fill your shadow box

1. With your shadow box face down, first fill with loose elements. Important notes:

  • Use a variety of sizes, colors and textures in your elements that you choose to fill your frame with, to create interest.
  • Try to use elements that are double-sided.  For your elements that have a definite back or front you may want to consider adhering the backs to your background and then including elements that are double sided and can circulate freely in the bottom of your frame to fill in the space.

2. Put your background collage into the frame as you would the original backing for the frame.

3. Re-attach your hanging fixture if it was removed and your shadowbox is ready for display!

Hope you enjoy trying this project idea out and I wish you all a “fun filled” spring!

Amy Kingsford

Amy writes for and administers the Get It Scrapped blog. She’s also our Creative Team Coordinator and a teacher at Masterful Scrapbook Design.

Amy Kingsford is a happy wife and blessed mother from Northern Utah. In addition to her work here, she also shares ideas and inspiration on creative approaches to modern scrapbooking and papercrafting at her blog My Letter-Sized Life.

14 Responses to How to Make a Shadowbox from Dollar-Store Frames: MacGyver Style

  1. Christine Rickert February 19, 2010 at 8:10 am #

    Hey Amy- my beginning, middle and end work area never look that neat and organized!!! Great project and directions are always. This could be adapted to any theme and given as a gift. You are so right-Tania’s classes teach the best embellishments and using scraps to save money. Thanks.

  2. Cynthia McFadden February 20, 2010 at 10:15 am #

    Super-Duper site! I am loving it!! Will come back again – taking you feeds also, Thanks.

  3. The Maqui Berry Girl March 8, 2010 at 3:50 pm #

    Good layout and design. I’ve been back here a couple of times to get some pointers, thanks.

  4. Lynn Easterday May 12, 2010 at 2:06 am #

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  5. marry September 12, 2011 at 10:41 pm #

    I love reading by means of your weblog. I wanted to leave a bit comment to support you and wish you a good continuation. Looking forward to another good article!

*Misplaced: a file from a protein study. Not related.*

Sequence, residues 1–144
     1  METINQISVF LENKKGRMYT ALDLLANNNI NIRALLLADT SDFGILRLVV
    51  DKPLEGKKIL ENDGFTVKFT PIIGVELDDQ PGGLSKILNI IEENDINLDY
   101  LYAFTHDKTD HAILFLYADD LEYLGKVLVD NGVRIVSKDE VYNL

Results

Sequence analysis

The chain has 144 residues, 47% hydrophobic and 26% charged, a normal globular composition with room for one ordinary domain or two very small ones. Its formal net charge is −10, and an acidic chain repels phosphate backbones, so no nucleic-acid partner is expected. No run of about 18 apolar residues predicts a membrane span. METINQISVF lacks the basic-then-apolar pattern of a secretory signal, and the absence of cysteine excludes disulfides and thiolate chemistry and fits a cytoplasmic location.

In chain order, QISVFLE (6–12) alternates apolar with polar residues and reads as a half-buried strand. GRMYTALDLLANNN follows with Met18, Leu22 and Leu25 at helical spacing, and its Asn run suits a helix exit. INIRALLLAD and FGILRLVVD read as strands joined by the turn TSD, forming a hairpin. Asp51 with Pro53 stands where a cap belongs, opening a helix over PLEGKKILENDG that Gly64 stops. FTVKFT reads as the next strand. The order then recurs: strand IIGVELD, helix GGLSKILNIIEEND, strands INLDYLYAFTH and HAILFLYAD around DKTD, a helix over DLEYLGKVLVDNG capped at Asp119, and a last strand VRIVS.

6. kendra April 11, 2013 at 5:41 pm #

    I would like to shadow box some special little used outfits from the wardrobe of my grandson. can you give me any suggestions before I start. and if you have any suggestions about that? id appreciate it very much .thank you Kendra kerfoot

  7. Valerie October 12, 2015 at 10:14 am #

    Hi Amy. What a great idea for a shadowbox. I am meeting up with some friends for a shadow box get together. One idea that you may want to consider is to leave the glass in the back of the 2nd shadow box. After you fill in both sides, then glue it together . You will now have a shadow box that can be viewed from both sides as a stand alone object or flip around on the wall from time to time. It will have a 3D effect!

  8. Beth October 22, 2015 at 5:31 pm #

    This is amazing. I have over 30 frames didn’t know what to do with. I can’t wait to get started! Bravo!

  9. Jessica November 12, 2015 at 8:57 pm #

    Thank you!!!! This is EXACTLY what I’ve been looking for!!

  10. Maria November 29, 2015 at 6:00 pm #

    Thanks Amy great idea ! Will use this to display some of my travel finds, Maria from tropical North Queensland Australia

  11. DEBBY ROSSER October 3, 2016 at 5:59 pm #

    Amy, thank you so much for this wonderful idea that I will be using. I am the Founder & President of “Angel Robes Alabama, ” a nonprofit organization that takes donated wedding gowns and transforms them into tiny burial gowns for newborns who don’t get to go home from the hospital. To express our thanks to the gown donors, we will make a picture of the wedding gown and the Angel Robes made. We will also include a small scrap from the dress in the corner (which is why I want a shadow box). I can make these or get volunteers, and the cost will be much lower than purchasing. May God bless you!

  12. Aleen Bailey November 13, 2017 at 9:51 am #

    Thank you so much for this amazing idea! I have been searching for shadow boxes in stores & online & they are soo spendy. I went to the Dollar General & purchased 2 frames-$3/each. I am now in the process of putting together a memory box of my mother with her picture & all of her vintage jewelry she used to wear. I will be passing this onto my daughter as a keepsake of her grandmother. I can’t wait to see how it all comes together!